• In 2009 France spent $200 on aid per person. In 2008 the Government spent more than four times that ($845) per person on military expenditure


  • Germany spent $11,982 billion on aid in 2009. By contrast Germans spent 14.6bn Euros on premium larger in 2009
  • In 2009 German aid fell by 12%, from 0.38 in 2008 to 0.35% in 2009
  • Germany spent on military over 3 times what it spent on aid in 2009
  • On current trends Germany won’t meet 0.7% until 2027


  • Ireland saw a huge drop of 18.9% in its aid levels from 2008, from $1.3 billion in 2008 down to $1billion in 2009
  • Ireland’s military spending per person remains just $40 dollars above its per person spend on aid


  • Italian aid fell by 31% from 0.22 in 2008 to 0.16% in 2009, and is now only $3.3 billion
  • Italians spent 13.2bn Euros on wine in 2009,  almost 10 billion more than they spent on aid
  • Italian military spend per person is around ten times what it spends on aid
  • Italy came almost bottom of the list of DAC donors, giving 0.16% of its GNI in aid this year, just above Korea, the newest DAC donor and beneficiary of aid itself in previous decades
  • On tied aid: in 2007, the Italian government sent 80 tonnes worth of Parmesan cheese worth 700,000 euros to Armenia and Georgia


  • Aid from the Netherlands rose slightly as a percentage of the economy from 0.80% to 0.82%, but actual spend fell by nearly $600 million.
  • The Netherlands spent nearly $10 billion on military spending in 2008 or $600 USD per person. This compares with $391 spending on aid per person in 2009


  • Spain rose from 0.45% to 0.46% as a percentage of GNI but it’s actual spend fell by 1.2%, a disappointing record for the member state holding the Presidency of the European Union, which meant that in 2009 it spent over $200 million less than 2008.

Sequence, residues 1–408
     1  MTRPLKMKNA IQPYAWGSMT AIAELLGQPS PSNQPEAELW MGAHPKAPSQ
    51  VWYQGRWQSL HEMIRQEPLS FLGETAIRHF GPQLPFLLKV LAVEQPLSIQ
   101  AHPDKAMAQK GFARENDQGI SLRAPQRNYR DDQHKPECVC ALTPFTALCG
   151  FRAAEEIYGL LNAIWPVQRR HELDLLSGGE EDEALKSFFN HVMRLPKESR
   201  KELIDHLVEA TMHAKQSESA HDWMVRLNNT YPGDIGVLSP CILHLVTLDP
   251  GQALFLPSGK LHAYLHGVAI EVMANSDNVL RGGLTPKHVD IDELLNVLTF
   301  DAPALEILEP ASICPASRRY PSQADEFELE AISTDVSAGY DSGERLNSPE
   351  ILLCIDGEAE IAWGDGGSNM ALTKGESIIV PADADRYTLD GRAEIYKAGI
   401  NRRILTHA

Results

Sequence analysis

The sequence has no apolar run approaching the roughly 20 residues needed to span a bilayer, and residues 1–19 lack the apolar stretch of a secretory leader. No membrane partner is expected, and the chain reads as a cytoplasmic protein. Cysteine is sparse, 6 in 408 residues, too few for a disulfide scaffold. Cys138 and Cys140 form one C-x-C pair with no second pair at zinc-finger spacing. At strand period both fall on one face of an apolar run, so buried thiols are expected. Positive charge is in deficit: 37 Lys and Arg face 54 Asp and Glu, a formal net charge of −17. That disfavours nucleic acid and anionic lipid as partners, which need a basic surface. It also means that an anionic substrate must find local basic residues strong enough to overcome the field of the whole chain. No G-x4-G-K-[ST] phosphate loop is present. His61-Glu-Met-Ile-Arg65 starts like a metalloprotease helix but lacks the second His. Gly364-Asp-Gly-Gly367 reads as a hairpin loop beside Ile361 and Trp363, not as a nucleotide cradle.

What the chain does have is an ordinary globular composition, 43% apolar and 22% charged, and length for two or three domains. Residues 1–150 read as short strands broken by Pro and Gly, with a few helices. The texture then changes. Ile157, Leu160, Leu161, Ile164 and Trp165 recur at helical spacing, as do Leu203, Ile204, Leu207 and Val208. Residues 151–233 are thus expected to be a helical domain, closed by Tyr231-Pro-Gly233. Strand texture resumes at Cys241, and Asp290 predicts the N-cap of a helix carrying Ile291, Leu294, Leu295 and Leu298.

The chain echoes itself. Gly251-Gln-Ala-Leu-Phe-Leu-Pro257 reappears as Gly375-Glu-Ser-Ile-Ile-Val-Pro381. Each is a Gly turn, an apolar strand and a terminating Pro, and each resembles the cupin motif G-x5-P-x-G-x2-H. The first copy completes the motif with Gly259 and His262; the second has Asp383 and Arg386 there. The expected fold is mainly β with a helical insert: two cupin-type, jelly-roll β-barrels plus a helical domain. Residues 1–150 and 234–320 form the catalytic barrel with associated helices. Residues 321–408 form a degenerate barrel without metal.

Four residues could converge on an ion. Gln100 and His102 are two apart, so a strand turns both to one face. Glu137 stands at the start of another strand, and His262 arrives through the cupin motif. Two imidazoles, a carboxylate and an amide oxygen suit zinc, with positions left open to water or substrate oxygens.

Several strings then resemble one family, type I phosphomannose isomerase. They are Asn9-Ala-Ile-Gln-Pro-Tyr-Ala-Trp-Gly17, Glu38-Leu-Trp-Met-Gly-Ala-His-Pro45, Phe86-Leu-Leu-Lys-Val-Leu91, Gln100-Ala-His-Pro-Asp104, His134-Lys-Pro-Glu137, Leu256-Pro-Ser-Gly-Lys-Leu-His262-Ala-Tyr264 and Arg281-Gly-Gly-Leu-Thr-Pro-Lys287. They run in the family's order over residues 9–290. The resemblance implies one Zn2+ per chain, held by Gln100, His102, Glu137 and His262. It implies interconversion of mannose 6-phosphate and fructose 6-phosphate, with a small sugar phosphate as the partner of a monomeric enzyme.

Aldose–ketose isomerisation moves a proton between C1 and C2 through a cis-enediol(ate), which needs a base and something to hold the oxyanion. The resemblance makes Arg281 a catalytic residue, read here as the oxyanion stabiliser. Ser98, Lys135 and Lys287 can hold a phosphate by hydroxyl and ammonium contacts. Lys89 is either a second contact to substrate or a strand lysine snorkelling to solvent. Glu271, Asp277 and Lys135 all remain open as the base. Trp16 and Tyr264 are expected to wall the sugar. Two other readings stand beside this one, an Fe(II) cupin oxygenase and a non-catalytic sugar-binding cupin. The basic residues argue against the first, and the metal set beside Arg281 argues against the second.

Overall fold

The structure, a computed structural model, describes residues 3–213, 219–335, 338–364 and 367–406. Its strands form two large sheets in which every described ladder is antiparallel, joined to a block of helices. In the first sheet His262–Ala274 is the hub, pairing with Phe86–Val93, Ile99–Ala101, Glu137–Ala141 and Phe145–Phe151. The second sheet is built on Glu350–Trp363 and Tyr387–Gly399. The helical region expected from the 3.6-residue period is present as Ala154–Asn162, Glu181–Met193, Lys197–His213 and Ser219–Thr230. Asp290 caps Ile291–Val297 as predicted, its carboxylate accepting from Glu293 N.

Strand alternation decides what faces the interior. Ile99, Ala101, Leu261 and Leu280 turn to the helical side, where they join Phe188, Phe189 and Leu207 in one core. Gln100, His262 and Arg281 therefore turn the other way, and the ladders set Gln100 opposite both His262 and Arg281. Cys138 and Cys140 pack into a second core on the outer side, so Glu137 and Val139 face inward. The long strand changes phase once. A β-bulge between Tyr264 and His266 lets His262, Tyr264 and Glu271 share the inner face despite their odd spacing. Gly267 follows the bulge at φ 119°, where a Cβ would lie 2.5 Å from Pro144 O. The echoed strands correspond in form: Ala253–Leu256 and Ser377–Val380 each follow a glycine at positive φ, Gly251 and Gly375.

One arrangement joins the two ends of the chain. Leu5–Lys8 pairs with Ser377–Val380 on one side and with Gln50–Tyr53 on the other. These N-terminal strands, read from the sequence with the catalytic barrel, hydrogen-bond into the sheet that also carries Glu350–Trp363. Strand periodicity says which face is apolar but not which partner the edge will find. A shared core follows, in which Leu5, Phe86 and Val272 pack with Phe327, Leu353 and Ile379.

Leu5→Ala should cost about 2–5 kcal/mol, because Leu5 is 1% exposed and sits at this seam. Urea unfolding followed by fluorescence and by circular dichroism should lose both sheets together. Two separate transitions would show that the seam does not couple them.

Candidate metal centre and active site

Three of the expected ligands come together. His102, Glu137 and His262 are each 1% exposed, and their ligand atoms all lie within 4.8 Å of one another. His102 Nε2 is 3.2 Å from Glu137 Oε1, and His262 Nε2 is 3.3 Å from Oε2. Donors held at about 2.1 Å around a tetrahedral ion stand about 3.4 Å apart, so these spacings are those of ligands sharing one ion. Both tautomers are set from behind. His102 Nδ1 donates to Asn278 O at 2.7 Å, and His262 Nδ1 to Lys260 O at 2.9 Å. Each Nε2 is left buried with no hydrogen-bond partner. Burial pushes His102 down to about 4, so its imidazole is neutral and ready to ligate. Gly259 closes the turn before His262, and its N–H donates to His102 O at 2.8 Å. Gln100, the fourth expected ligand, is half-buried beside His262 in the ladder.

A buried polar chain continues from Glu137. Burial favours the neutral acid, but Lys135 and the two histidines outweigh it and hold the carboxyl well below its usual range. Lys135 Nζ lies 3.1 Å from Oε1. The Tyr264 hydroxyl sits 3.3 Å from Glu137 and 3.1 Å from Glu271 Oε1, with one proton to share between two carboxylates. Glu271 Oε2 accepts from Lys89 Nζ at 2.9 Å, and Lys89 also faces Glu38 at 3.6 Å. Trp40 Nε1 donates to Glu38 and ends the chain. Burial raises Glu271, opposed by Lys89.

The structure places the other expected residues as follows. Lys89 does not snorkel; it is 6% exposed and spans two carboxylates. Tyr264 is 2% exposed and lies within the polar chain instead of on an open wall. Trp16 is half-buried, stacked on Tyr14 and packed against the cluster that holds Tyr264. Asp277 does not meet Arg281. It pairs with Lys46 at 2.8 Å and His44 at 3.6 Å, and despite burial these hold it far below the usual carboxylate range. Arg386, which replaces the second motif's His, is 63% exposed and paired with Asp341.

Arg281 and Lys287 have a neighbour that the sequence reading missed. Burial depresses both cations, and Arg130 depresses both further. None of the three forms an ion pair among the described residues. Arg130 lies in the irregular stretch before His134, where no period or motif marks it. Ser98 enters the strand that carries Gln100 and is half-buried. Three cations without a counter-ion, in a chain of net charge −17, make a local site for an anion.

• Spain spent over twice as much on military spending per person as it did on aid
  • In total Spain spent $6.5 billion on aid in 2009. By contrast, Spain spent 1.4bn Euros on ice cream in 2009


  • The UK remains on target for its aid commitments, reporting a jump from 0.43% in 2008 to 0.52% in 2009
  • In 2009 the UK provided $11.5 billion in aid
  • However, the UK still spends around five times on military per person what it spends on aid


  • Aid from Australia also fell by 1.4% respectively
  • Australia spent 2.6bn $AUS on domestic premium larger in 2009
  • Australia spent around 7 times the amount of money on military per person as it spent on aid


  • Japanese aid fell by 10.2% from 0.19 in 2008 to 0.18% in 2009 and is now just under $9.5 billion
  • By contrast, in 2009, Japan spent 408bn Yen on dog and cat food in 2009
  • Japan spends around a quarter on aid per person of what it spends on the military

New Zealand

  • Aid from New Zealand fell by 3.2%.
  • Consumer spending on wine in New Zealand in 2009 was 1.8bn $NZ
  • New Zealand spends over four times as much on military per person as it does on aid


  • US aid registered a small increase from 0.19% to 0.20%
  • In total, the US spent $28.6 billion on aid in 2009
  • On current trajectories the US will not meet 0.7% until 2055, eighty-five years after the commitment was made